[erlang-questions] lists:concat with non-string sublists

Kostis Sagonas kostis@REDACTED
Tue May 22 19:55:39 CEST 2012

On 05/22/2012 07:27 PM, James Aimonetti wrote:
> Hash: SHA1
> According to the docs[1], lists:concat/1 converts the elements in the
> list to their string representation. The spec for Thing being atom() |
> integer() | float() | string().
> However, in the actual implementation in lists.erl, the is_list/1
> guard is used in thing_to_list/1, not a more specific check that the
> list is a string().
> So, according to the docs, I would expect:
>> lists:concat([[{foo, 123}], [{bar, 234}]]).
> to fail. It doesn't, and returns [{foo, 123}, {bar,234}]. Reading the
> implementation of concat/1 its easy to see why this works.
> My question is, should the docs be updated to allow Thing to be a list
> of any term so Dialyzer won't issue an error when using sub-lists with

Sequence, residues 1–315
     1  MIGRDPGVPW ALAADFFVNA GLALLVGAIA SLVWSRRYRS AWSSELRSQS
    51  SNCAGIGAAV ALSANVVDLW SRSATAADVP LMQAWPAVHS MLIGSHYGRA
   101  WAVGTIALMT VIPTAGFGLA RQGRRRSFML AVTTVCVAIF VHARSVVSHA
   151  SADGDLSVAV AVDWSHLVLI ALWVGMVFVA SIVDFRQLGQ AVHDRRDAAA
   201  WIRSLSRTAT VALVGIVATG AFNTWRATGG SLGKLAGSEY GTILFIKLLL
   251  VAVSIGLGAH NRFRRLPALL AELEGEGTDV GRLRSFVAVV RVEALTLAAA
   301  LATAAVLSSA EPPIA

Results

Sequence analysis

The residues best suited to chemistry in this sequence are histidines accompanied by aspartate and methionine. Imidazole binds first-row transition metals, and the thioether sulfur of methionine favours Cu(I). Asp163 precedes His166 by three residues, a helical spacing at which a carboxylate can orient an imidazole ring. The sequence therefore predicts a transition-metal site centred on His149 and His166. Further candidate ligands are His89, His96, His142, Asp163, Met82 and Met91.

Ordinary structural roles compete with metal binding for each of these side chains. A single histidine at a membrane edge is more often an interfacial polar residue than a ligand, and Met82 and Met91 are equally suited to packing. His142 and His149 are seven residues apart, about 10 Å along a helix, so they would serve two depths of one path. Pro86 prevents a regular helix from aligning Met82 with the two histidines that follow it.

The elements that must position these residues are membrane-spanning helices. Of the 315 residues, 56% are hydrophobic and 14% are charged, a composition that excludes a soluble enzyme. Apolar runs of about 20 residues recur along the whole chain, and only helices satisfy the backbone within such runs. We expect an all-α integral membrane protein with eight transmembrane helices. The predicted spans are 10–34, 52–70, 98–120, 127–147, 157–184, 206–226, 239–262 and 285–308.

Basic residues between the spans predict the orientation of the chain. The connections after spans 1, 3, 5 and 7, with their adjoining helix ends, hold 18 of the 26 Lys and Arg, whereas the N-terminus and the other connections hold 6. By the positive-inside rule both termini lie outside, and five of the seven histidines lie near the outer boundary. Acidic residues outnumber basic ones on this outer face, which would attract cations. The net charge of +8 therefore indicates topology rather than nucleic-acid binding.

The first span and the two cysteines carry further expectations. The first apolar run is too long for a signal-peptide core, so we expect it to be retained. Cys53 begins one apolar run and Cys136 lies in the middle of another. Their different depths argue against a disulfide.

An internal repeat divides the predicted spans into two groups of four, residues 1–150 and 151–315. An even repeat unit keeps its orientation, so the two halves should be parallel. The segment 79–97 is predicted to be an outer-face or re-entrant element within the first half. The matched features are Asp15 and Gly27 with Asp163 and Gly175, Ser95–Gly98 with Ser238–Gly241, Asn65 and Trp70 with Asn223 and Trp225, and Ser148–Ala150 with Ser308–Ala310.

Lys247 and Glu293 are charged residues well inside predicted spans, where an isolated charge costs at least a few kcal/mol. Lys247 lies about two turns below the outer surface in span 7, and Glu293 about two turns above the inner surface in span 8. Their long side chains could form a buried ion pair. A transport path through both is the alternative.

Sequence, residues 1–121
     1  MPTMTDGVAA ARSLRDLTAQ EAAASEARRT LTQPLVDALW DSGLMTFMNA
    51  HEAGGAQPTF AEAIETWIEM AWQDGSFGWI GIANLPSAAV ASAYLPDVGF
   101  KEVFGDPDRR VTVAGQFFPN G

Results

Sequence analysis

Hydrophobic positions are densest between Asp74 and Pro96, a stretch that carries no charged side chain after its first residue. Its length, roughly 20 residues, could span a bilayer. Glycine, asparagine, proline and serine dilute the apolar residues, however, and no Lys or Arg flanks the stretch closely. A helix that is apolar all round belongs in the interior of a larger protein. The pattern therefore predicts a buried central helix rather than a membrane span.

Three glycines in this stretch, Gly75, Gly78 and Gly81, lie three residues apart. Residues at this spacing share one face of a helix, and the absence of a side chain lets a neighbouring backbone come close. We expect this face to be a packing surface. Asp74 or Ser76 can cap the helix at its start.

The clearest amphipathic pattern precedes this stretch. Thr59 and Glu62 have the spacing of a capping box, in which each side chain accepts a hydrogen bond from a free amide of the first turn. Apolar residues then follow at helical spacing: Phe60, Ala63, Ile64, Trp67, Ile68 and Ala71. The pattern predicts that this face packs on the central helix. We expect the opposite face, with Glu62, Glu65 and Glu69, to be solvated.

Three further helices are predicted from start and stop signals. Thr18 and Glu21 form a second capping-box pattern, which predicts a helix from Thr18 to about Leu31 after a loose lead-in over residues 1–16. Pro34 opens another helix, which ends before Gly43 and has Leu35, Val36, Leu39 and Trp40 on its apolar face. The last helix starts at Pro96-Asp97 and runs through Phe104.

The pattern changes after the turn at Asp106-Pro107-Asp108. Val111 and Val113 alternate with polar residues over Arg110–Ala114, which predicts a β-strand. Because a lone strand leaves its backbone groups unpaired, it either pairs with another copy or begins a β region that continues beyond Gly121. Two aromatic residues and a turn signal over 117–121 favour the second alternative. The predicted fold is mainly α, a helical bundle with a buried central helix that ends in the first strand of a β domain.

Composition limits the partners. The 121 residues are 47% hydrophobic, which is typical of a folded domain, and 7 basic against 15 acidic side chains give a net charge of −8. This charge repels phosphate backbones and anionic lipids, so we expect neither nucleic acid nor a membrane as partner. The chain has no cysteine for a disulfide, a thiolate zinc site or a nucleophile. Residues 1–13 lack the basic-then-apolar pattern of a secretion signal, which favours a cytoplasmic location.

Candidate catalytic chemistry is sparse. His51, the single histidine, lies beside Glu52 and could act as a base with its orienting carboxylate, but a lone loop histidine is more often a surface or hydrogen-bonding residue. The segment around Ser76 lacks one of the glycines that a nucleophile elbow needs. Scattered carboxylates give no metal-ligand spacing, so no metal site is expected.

> tuples (in my case, the result of an ets:match/2), or should
> thing_to_list/1 do more inspection of a list element?

You are reading the specs in the wrong way, I am afraid.  Specs are 
contracts: they describe what guarantee the current implementation of a 
function provides to its callers.  The implementation may allow for more 
than that, but the spec is there to tell you that if you break its 
premises (the types in its arguments) you really have no guarantee that 
your code will work without errors the next OTP version.

Typical example of this is something like lists:append/2:

   -spec append(list(), list()) -> list(). % or something more involved

but the implementation may allow for calls of the form:

   Eshell V5.9.2  (abort with ^G)
   1> lists:append([], 3.14).

but you probably would not want to change its spec to allow term() for 
its second argument and return, would you?


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